Florida's pedophile community leaves residents of next town terrified
Florida’s booming pedophile community Miracle Village leaves residents of neighboring Pahokee too terrified to let their kids walk alone
- Miracle Village was created in the 1960s to house sugar cane workers
- A pastor turned it into a safe heaven for sex offenders in 2009
- Florida state law prevents sex offenders from living within 1,000ft of a school, park, day care center or playground
Florida parents are too frightened to let their children out alone as a nearby town whose population is largely comprised of sex offenders continues to expand.
People living in Pahokee, near Lake Okeechobee, have shared their fears over Miracle Village – whose population is 80 percent sex offenders, including pedophiles.
While the 24-acre community keeps sex offenders inside with restricted home options, residents of neighboring Pahokee, just three miles away, have expressed fear to be in close proximity to the sex offender village, according to a Fox News report.
A woman who lives in Pahokee said it was ‘frightening’ when the sex offenders began moving in to Miracle Village, which was renamed as Restoration Destination recently.
‘I used to keep little day care kids … and they sent me a paper saying they were moving in.’
Florida law states that sex offenders are subject to community notification, and officials notify communities when a sexual predator moves into their county.
‘That’s why I don’t let my daughter walk anywhere,’ said one worried dad when asked his feelings abut his neighbors.
‘Got out after 21 years, this is the only place that would give me a chance,’ said one of the sex offenders who live in Miracle Village and admitted to being guilty of having sex with a minor
Miracle Village near Lake Okeechobee is home to about 200 registered sex offenders – 80 percent of its population. A resident speaks to reporter Tyler Oliveira
The 24-acre community serves as a safe-haven for sex offenders with restricted home options
‘That’s why I don’t let my daughter walk anywhere,’ said one worried dad who lives in the neirhboring community of Pahokee
Miracle Village was created in the 1960s to house sugar cane workers.
In 2009 the late Dick Witherow, a pastor with the Christian group Matthew 25 Ministries, began making housing available to sex offenders.
Witherow came up with the idea for the village largely because of a Florida state law that prevents offenders from living within 1,000ft of a school, park, day care center or playground.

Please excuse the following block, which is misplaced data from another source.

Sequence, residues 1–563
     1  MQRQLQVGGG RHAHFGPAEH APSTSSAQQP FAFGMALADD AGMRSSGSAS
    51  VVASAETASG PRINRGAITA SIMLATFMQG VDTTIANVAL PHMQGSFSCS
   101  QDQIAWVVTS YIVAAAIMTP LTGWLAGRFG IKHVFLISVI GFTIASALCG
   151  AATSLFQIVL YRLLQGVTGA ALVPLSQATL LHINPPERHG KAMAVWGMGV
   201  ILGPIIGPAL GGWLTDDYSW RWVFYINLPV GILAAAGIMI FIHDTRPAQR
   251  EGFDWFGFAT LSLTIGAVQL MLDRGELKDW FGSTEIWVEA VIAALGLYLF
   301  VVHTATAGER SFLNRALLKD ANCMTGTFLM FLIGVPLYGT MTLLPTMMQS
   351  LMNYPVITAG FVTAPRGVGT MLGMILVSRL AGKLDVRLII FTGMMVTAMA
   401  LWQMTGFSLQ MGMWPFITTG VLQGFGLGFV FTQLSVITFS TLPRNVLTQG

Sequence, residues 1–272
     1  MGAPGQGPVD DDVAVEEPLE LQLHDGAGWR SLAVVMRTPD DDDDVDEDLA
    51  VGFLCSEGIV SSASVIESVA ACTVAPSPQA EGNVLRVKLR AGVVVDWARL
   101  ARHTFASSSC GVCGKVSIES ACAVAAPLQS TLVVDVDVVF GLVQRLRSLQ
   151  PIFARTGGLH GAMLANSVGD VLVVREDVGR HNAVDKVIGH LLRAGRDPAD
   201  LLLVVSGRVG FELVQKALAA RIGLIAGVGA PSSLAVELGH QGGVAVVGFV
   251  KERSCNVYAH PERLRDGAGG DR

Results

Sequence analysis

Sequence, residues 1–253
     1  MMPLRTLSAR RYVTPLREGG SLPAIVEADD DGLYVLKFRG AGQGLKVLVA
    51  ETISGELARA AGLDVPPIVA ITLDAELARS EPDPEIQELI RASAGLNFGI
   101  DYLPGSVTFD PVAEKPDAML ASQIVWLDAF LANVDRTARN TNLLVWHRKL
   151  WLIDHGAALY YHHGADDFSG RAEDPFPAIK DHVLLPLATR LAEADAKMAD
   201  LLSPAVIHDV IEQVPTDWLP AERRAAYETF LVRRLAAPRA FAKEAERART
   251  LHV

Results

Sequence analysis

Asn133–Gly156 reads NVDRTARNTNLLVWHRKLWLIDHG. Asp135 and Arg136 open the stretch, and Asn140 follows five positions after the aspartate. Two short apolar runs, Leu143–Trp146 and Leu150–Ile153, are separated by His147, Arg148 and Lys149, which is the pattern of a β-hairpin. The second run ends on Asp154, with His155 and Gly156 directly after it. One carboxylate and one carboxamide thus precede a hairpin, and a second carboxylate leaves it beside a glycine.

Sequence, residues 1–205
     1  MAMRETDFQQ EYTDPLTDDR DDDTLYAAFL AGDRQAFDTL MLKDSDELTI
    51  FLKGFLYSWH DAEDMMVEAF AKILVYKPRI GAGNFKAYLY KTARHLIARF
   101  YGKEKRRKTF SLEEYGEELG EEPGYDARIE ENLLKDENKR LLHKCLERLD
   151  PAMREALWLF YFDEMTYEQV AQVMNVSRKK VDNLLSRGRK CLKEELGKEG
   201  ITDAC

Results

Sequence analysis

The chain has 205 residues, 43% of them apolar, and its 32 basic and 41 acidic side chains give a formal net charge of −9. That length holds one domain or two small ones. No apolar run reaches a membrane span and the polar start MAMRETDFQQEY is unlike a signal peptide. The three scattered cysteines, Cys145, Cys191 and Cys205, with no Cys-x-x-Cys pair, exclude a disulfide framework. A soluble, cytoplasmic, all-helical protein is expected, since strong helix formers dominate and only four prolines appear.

In some cities, including Miami, and other suburban areas that distance is increased to 2,500ft, meaning that it is near impossible for a convicted offender to reside in a normal community, which are more often than not full of schools and public play areas.
‘Got out after 21 years, this is the only place that would give me a chance,’ said one of the sex offenders who live in Miracle Village and admitted to being guilty of having sex with a minor.
Forced out of densely populated areas, Miracle Village offers sex offenders a place to live away from those restrictions.
The Christian ministry that offers the housing to offenders is now run by Ted Rodarm, who is himself a former sex offender.
The organization claims residents are screened before moving in, and violent offenders or those with a prior criminal history are generally denied.
Although the community changed its name to Restoration Destination, most still know it as Miracle Village.
It offers three to six-bedroom homes as well as duplex apartments with two or three bedrooms.
‘Restoration Destination is a prison reentry residential campus providing essential services to individuals transitioning from incarceration back into society,’ their website reads.
‘It is a place where they can learn valuable skills, receive support and guidance, and prepare for life outside prison. Reentry can be a challenging experience for those who have been incarcerated, and our residential community is an excellent resource to help them navigate this difficult transition.
‘For the past 34 years, we have provided a safe and supportive environment that helps men and women successfully transition back into society.’
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